Self-Insured Employers View Cost of Specialty Drugs as a Major Challenge

 A middle aged man takes specialty prescription while sitting on a sofa.

The cost of specialty drugs is rapidly growing, becoming one of the largest pain points for employers. Over the past 10 years, specialty drugs have changed dramatically, and employers need to consider how they will manage the rising cost and demand of these drugs. In 2021, specialty drug spending per member per year increased by 14.2 percent compared to 2020.

Specialty drugs present a massive risk to employers, especially to self-insured employers. Workers don’t realize how their medical choices impact their employers and how their choices translate to their benefits costs. Let’s explore some of the challenges of specialty drug costs and how to address them.

Challenges Surrounding the Cost of Specialty Drugs

Specialty drugs are often the most effective (and sometimes the only) treatment for certain conditions, but they also come with a higher lifetime cost. For example, therapies for rare conditions can transform how they are treated, but these therapies also drive the increased specialty drug trend. Most of this increase is seen with dermatological drugs, anti-inflammatory drugs, and cancer therapies.

Consider Novartis’ therapy Gleevec (imatinib). This therapy is used to treat patients with a rare form of cancer called chronic myelogenous leukemia (CML), which affects specific types of white blood cells. The drug was revolutionary because it established a new class of drugs called targeted therapies that destroy cancer cells while not affecting healthy cells. Although this medication changes patients' lives, it’s also expensive and contributes to the tension between covering life-altering drugs and increasing specialty drug spending.

The Midwest Business Group on Health (MBGH) conducted annual research on employer health benefits priorities. When asked about top threats to employer-provided benefits,  an alarming 94 percent of respondents cited high-cost pharmacy claims, whereas 89 percent of respondents cited specialty drug spending. 

As the cost of specialty drugs continues to rise, some employers won’t be able to cover these expensive therapies. Measures need to be taken to address specialty drug costs and additional pain points, such as medical and drug cost transparency.

Learn how to choose a healthcare navigation tool that’s right for your company. 

Strategies to Reduce the Cost of Specialty Drugs

Specialty drugs are considerably more expensive than traditional drugs. They often cost $2,000 a month per patient, but some specialty drugs are even more expensive, ringing in at $6,800 a month or even $100,000 a year. However, these drugs are often the only treatment for a condition, so they’re required for patients to live as fully as possible. 

Controlling specialty drug costs is a top priority for employers. The MBGH survey found that 64 percent of respondents want to focus on addressing specialty drug costs, and 74 percent want to manage specialty drugs through payment reform. Additionally, 72 percent of respondents want to steer employees to lower-cost drugs.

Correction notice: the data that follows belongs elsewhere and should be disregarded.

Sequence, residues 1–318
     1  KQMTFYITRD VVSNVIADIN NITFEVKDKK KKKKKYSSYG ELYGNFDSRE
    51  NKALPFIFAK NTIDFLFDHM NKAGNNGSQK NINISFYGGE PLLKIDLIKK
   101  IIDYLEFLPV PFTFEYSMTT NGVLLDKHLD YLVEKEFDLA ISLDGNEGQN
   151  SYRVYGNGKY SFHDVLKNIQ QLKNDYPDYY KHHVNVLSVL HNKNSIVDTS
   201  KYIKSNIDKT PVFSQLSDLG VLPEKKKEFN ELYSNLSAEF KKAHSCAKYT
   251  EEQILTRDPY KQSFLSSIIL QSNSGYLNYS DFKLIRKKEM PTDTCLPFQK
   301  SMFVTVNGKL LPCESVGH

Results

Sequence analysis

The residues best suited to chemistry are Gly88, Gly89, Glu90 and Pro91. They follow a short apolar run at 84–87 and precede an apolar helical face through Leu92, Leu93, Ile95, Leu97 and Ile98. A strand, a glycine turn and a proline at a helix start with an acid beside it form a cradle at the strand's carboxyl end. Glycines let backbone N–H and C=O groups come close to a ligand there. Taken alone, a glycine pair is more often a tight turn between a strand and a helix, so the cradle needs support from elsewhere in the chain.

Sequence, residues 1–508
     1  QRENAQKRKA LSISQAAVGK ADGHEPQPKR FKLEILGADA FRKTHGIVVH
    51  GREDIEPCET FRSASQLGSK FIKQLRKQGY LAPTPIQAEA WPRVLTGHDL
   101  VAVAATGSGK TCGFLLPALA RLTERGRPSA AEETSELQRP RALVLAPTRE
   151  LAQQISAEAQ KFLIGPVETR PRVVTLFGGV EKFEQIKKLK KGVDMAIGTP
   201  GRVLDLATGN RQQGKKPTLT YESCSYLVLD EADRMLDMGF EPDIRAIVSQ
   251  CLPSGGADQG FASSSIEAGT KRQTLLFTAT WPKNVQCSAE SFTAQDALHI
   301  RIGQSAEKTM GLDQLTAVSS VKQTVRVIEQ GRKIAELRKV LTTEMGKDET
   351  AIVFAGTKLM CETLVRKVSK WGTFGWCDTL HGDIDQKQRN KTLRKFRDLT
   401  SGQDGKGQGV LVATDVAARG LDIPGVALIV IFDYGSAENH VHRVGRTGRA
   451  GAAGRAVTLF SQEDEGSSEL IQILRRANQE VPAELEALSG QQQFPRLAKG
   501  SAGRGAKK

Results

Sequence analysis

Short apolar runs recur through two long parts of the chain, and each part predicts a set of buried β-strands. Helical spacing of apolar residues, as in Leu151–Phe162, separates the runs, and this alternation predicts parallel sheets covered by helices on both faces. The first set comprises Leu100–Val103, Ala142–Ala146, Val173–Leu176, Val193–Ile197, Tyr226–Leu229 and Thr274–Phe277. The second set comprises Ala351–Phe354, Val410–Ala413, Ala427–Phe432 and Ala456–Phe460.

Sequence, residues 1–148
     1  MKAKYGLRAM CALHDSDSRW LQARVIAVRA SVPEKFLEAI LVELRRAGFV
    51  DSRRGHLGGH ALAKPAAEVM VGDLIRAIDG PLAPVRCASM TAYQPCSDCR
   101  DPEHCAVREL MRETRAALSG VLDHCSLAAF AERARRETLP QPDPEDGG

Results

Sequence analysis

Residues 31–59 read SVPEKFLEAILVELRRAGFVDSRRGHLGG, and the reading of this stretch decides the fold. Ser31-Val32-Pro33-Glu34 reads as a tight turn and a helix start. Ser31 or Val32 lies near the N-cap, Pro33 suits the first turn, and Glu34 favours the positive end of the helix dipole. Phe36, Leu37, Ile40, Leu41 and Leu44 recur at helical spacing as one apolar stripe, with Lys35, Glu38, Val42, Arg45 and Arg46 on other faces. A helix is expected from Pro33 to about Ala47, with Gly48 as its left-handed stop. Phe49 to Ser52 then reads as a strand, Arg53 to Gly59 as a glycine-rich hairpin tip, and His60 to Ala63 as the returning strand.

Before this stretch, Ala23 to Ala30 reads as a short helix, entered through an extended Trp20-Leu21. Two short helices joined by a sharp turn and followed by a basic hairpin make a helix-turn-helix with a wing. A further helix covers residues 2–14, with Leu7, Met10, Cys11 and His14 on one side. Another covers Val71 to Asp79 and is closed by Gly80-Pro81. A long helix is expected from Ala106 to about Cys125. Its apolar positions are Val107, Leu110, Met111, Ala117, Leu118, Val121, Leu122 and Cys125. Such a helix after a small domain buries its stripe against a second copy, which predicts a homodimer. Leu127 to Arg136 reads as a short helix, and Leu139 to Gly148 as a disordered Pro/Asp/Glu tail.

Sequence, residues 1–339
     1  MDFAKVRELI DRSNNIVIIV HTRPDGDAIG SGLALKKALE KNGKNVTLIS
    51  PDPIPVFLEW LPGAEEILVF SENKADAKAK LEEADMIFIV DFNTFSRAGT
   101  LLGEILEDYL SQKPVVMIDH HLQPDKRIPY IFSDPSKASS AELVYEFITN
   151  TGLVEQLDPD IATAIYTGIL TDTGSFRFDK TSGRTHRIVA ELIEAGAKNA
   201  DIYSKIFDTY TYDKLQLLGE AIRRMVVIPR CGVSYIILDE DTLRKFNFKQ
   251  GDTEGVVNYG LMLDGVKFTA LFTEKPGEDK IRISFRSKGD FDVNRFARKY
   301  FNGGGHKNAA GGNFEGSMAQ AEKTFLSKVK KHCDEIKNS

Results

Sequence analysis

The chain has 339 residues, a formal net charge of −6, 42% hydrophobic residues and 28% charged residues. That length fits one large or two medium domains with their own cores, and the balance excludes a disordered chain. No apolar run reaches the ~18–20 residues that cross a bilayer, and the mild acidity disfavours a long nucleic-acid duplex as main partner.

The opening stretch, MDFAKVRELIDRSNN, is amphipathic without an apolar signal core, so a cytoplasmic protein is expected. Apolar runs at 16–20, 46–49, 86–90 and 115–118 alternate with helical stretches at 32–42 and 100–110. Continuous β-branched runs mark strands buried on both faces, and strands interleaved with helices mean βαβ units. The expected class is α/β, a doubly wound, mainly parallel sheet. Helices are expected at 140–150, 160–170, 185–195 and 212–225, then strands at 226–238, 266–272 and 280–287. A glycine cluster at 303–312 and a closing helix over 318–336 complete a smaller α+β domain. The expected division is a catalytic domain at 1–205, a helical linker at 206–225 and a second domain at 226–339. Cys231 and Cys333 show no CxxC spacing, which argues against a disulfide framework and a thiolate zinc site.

To guide employees toward lower-cost options, it’s essential to invest in tools and strategies that empower employees while decreasing pharmacy spend.

Evaluate Wasteful Medications

Wasteful medications often combine two ingredients into one drug when the individual ingredients are cheaper, thus increasing the cost of the drug. Wasteful medications also include prescription drugs when an over-the-counter alternative is available, and brand-name, high-cost prescription drugs when low-cost generics are available.

Wasteful medications are often included within a drug formulary because plan sponsors think employees will be disappointed if a specific prescribed drug isn’t in the formulary. However, these drugs are often prescribed because physicians don’t realize they come at a high cost.

By determining which drugs are wasteful and adhering to a formulary that focuses on affordable yet effective medications, pharmacy spend can be reduced, thus benefiting employers and workers.

Emphasize Early Testing and Preventative Care

Consider that specialty drugs account for 10 percent of prescriptions but 80 percent of pharmacy costs. Focusing on preventative care can help reduce the amount spent on specialty drugs. 

For example, employers can emphasize early cancer detection screenings and testing for other chronic diseases. Investing in wellness programs and emphasizing preventative care is essential to helping workers stay healthy and happy. 

Invest in a Pharmacy Savings Solution

One of the best strategies to reduce the cost of specialty drugs is to invest in a pharmacy savings solution like Bluebook Rx™ which includes guidance from a licensed clinical staff and concierge support for members and providers to ensure members have access to cost-effective medications. 

Bluebook Rx also analyzes utilization patterns and engages members with pharmacy savings opportunities tailored to them. The result is high member satisfaction, lower costs, and medical and pharmacy navigation—all in one simple platform.

Ready to Improve Pharmacy Spending?

The cost of specialty drugs is a common pain point for employers and workers, but Healthcare Bluebook has resources that can help. Get in touch today to find out how to decrease pharmacy spend with our savings solution, Bluebook Rx.

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